The shipping industry was one of the hardest-hit COVID-19 pandemic and effected global trade to a great extent. There were numerous knock-on-effects within the global shipping and trade industries, and the latest is the ocean shipping rate hike.
The most common reason for the ocean shipping rate hike is attributed to the shipping delays caused by COVID-19 affected areas, with social distancing and labour shortages. Other reasons include saturated ports with delays in clearing them through customs and procedures, and not to mention not having enough ships, dockworkers or trucks to facilitate movement. These ocean shipping rate hikes are not just local, but global with different countries hit hard in different ways, but with the constant of a hike in rates.
Further, the ongoing pandemic has also skyrocketed competition along with the costs due to demand in terms of ocean freight capacity. Without any sign of slowing down, the ocean shipping rate hike is expected to continue and experts say that they may not be able to normalize them to levels before the pandemic either in the long term.
The ocean shipping rate hike was first noticed in August of 2020, one year ago, and has since continued to rise with no short-term relief and spikes in rates across different freight categories such as dry bulk and containers. In certain trade lanes, there have been ocean shipping rate hikes that are three-fold, much to the display of global traders. With lockdowns brought on by the Delta variant of COVID-19 and the imbalance in terms of what is restricted and what isn’t, there are various imbalance that have had knock on impacts. Shortages of empty containers and imbalance capacity are also to be faulted with this trend, especially when there are no alternatives to ocean shipping. There is talk of blank sailings to fix the empty container shortage that can level the playing field in terms of capacity constraints, but port congestions and closures is still ongoing.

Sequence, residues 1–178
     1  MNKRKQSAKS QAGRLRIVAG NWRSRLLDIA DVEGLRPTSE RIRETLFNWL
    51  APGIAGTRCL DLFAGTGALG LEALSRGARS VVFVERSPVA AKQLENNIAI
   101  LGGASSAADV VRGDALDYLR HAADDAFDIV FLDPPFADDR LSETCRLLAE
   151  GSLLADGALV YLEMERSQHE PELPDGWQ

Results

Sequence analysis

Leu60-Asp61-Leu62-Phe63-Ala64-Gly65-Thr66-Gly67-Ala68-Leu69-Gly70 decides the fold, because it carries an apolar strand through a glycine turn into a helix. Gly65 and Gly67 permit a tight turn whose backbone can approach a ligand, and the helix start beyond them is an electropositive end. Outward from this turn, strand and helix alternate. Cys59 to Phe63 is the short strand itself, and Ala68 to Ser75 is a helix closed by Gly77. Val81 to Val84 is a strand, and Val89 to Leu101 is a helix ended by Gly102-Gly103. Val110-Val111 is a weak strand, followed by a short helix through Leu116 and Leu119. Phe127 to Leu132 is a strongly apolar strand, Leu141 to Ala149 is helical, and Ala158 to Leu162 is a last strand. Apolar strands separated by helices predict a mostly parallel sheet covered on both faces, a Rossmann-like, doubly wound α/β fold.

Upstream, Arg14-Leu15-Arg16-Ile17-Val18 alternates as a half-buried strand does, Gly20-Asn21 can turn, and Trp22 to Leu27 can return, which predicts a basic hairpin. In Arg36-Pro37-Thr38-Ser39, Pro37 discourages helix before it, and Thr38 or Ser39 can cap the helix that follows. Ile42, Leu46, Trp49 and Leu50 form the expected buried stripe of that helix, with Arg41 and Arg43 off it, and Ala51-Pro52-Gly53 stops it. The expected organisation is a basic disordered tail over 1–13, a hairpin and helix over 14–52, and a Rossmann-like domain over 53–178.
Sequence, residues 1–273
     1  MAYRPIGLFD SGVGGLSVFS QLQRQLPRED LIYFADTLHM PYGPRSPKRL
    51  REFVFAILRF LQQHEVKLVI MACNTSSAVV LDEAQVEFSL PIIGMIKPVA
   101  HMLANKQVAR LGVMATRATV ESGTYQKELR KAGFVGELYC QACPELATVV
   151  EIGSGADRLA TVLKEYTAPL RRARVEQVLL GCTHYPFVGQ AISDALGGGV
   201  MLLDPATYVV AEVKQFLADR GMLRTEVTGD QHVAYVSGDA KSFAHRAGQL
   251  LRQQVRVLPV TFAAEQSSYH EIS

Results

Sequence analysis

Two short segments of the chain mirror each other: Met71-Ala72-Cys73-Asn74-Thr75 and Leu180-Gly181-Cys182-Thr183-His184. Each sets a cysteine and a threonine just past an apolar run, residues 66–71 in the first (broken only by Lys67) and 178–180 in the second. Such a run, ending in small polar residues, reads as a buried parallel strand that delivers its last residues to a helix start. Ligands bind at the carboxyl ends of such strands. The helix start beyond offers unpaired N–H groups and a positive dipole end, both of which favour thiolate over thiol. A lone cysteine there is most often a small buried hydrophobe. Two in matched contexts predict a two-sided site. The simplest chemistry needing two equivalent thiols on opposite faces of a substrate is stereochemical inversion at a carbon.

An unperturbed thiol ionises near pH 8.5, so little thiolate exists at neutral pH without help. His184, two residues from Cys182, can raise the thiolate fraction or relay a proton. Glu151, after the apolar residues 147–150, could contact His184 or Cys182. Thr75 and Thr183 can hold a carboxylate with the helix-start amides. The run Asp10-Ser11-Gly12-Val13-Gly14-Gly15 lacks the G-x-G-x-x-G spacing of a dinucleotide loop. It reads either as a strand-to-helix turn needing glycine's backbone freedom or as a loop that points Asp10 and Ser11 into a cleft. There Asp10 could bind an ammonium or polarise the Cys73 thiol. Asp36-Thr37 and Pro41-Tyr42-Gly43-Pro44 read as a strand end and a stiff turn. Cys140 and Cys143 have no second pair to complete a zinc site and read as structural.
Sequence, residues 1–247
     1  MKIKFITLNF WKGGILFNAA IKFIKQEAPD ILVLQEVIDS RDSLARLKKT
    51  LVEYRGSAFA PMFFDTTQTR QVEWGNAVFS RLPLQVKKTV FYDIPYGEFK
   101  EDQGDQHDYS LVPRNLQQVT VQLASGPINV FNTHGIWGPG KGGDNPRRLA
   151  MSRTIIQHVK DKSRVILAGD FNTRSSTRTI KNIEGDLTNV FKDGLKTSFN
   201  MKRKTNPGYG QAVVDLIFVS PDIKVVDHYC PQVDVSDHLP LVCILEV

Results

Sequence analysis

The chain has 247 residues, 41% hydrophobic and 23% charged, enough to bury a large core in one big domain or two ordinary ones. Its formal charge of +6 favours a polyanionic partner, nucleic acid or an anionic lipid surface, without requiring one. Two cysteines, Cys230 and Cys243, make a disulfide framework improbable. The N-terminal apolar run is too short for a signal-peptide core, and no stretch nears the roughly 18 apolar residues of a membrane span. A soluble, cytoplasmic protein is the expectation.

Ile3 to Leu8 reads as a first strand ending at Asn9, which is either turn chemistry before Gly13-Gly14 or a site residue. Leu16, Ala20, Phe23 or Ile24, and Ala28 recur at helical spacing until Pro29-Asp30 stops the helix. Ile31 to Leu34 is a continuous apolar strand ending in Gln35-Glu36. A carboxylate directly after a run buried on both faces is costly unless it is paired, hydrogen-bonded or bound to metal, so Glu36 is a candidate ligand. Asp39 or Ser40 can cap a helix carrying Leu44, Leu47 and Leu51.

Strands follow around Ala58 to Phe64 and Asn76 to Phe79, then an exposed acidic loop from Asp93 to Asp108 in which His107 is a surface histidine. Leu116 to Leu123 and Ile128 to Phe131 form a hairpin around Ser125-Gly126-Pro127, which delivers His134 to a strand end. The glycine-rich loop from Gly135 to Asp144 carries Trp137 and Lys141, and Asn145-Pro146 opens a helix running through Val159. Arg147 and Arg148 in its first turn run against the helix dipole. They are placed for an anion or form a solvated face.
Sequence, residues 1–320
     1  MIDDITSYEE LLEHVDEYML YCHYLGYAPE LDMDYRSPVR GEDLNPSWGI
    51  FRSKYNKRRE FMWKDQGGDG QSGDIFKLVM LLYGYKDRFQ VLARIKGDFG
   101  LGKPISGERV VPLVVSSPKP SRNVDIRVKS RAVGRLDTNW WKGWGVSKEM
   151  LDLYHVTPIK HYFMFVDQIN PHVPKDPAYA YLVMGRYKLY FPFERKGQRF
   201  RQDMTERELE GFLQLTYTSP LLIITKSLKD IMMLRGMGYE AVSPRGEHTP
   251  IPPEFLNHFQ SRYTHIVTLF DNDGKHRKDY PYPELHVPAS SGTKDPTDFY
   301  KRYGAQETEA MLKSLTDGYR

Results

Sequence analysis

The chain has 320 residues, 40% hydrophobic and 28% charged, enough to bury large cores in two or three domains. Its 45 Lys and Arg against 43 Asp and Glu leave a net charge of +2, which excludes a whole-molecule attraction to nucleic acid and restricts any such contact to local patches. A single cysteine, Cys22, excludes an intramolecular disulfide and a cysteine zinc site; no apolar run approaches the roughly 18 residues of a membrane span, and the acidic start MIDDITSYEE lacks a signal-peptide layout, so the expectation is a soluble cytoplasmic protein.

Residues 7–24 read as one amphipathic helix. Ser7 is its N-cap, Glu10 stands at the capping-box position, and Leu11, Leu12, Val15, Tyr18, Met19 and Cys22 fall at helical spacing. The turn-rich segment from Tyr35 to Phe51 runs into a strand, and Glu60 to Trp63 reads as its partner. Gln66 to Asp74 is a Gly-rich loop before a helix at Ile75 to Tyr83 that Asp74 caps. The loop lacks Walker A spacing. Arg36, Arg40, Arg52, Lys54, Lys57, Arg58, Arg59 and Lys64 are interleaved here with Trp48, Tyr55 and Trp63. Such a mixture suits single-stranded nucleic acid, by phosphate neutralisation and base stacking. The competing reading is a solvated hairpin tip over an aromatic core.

With these different factors in mind, the ocean shipping rate hike is expected to cause a knock-on effect and will impact the Christmas season as traders race to stock their stores. Experts further state that though capacity increases can reduce price pressures, these can only be expected around the year 2023 as global industries will have low recovery with the pandemic not easing. With the ocean shipping rate hike coming at an unpredicat3end and volatile tile, many retailers in Australia and the world have had to increase prices which has induced inflation in many countries.